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Are War Crimes Trials Worthwhile?

Do international tribunals and war crime trials deter people from committing war crimes?

Probably not, says an editorial in Bloomberg Businessweek.   High profile war crime and genocide trials don’t seem to have deterred the Libyan, Syrian, Yemeni and Bahraini governments from some pretty dicey steps — and extremely brutal wars continue to grind on across Africa and in the Middle East.  War crimes trials are for losers; if the war crime works, you will never go to jail.

Even so, some crimes must be punished, and if you cannot catch all the criminals you should punish the ones you can.  Justice, not deterrence, is what this is really about — and justice should be served.

That said, every legal system needs a pardoning power.  Not every prosecution makes sense.  One problem in dealing with the Assads and their like is that offering a conditional pardon may sometimes be a way of getting the tyrants out while saving innocent lives — but that is hard to do with the system we have.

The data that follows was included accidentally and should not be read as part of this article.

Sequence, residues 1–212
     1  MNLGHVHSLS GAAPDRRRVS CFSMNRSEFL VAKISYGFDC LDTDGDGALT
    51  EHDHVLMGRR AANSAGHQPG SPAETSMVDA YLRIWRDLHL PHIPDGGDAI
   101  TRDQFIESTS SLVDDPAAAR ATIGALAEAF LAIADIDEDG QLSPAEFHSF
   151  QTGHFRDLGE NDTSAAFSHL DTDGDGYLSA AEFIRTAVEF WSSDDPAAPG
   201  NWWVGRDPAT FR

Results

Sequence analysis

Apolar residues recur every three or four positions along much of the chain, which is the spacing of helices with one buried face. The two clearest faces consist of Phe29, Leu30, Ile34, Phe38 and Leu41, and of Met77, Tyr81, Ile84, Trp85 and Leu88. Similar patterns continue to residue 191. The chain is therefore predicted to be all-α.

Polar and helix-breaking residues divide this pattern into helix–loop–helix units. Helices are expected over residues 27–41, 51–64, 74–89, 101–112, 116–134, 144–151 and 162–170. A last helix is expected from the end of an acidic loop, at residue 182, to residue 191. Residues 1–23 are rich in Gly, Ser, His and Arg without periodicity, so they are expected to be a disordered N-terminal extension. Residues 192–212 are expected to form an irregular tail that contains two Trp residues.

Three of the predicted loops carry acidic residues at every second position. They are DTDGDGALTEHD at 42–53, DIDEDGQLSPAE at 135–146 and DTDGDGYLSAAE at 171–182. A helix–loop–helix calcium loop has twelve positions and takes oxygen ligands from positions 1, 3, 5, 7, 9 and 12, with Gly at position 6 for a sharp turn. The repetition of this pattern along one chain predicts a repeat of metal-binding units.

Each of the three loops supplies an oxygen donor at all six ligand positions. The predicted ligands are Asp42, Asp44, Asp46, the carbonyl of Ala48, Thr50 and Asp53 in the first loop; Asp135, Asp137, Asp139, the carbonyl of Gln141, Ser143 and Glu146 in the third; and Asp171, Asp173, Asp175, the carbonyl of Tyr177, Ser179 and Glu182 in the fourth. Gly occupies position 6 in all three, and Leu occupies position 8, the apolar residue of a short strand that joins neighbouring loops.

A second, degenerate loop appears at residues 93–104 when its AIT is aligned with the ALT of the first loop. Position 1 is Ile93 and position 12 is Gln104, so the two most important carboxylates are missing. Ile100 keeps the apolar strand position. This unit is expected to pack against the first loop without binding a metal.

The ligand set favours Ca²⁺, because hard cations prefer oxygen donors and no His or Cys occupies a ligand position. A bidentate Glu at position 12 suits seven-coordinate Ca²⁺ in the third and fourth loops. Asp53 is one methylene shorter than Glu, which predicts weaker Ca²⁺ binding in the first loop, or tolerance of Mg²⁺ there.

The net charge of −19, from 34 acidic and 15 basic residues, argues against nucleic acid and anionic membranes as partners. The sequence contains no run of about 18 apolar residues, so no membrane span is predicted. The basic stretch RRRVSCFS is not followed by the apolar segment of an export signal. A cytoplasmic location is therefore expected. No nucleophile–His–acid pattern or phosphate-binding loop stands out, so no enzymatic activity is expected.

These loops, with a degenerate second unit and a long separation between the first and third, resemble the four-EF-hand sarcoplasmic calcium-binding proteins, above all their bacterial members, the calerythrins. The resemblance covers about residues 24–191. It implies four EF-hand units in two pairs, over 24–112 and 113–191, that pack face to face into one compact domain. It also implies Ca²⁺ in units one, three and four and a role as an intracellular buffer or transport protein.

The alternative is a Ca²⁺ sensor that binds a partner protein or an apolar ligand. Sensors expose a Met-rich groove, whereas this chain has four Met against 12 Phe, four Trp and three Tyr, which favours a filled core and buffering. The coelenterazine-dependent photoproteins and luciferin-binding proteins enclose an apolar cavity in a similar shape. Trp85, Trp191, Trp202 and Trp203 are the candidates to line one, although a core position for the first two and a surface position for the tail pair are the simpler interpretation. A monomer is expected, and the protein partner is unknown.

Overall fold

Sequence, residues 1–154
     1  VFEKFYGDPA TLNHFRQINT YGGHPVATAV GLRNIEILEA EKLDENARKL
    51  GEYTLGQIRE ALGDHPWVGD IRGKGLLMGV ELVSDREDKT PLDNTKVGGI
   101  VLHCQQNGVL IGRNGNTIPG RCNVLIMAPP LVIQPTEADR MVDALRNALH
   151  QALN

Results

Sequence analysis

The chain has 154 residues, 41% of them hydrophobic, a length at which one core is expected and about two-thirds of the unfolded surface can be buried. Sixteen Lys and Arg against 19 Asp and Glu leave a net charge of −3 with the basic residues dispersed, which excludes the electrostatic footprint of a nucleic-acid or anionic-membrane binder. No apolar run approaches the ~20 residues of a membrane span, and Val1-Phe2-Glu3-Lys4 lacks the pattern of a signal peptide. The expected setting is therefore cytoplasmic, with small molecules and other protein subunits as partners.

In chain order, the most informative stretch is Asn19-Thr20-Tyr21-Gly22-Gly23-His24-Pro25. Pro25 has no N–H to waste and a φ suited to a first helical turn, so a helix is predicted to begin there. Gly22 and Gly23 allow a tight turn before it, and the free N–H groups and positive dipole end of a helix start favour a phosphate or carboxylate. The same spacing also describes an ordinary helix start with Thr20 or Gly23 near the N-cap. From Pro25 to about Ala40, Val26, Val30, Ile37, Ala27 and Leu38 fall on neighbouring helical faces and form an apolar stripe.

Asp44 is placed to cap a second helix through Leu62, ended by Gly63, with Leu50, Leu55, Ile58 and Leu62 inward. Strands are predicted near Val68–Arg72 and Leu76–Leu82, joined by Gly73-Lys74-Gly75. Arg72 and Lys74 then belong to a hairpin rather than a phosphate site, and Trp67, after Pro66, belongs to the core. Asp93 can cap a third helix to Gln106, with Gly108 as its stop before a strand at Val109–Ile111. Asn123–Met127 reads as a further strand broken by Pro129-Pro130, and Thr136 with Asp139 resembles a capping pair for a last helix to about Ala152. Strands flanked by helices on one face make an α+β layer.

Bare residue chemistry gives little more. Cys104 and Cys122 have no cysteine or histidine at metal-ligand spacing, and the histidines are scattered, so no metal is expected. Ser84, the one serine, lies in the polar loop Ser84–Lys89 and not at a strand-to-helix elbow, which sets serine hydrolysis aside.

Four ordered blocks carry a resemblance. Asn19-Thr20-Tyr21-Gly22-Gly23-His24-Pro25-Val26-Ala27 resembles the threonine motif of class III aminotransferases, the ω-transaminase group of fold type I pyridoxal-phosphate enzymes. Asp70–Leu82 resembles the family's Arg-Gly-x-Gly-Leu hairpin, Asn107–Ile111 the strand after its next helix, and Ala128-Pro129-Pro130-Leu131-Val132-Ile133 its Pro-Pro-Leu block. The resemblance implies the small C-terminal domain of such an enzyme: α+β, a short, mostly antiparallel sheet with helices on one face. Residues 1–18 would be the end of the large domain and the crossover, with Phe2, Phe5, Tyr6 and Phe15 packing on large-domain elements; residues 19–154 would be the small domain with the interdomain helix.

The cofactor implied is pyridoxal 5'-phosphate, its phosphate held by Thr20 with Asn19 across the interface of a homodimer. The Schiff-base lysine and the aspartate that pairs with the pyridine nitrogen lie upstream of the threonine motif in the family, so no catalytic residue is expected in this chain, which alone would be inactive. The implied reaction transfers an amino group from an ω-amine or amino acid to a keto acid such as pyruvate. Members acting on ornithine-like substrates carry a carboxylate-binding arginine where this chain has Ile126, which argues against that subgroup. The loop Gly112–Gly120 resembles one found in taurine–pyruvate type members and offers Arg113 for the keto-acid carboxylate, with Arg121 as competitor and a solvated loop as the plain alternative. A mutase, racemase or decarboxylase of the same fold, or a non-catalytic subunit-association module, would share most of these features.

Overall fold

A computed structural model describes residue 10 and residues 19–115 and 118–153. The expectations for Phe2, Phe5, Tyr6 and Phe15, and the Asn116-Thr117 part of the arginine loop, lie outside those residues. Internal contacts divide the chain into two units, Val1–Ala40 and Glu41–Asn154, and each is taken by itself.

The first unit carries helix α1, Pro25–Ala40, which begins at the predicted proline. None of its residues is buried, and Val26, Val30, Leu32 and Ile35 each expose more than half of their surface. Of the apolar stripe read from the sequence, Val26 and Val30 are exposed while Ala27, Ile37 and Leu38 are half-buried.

We need a pardoning power in the war crimes judicial system — but it won’t be easy to get agreement on what that should look like or how it will work.

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  • Damir Marusic

    Worse than their abysmal failure as deterrents, war crimes trials often hopelessly complicate the political situations on the ground when all the fighting has stopped. The “bad men” of history are rarely singular cancers on their society. Often they are but the most visible symptoms of racial, ethnic or ideological divisions, and punishing them in an ostentatious manner without taking heed of the local context can hinder reconciliation rather than bringing some kind of closure.

    This has, contra the above-linked editorial, very much been a problem in the Balkans. Whatever normalization has happened really cannot be credited to what has gone on in the Hague.

  • Luke Lea

    Idi Amin.

  • Mrs. Davis

    We have war crimes trials, the enemy has show trials. Same difference.

  • Toni

    Idi Amin, Charles Taylor, Jean-Bedel Bokassa, Pinochet, Peron…

    These tyrants ceased oppressing their citizens when they went into exile. Would they ever have left if they knew Spain or some other justice-seeking country would try to imprison and punish them? Or would they have fought to the bloody end?

    Justice is ideal. But in some cases, it can be the enemy of the good.

  • Corlyss

    No. They are just transparent grandstanding and moral preening. Churchill was right: stand the bad guys up against a wall and shoot ’em. The moral preening merely lays traps for the unwary.

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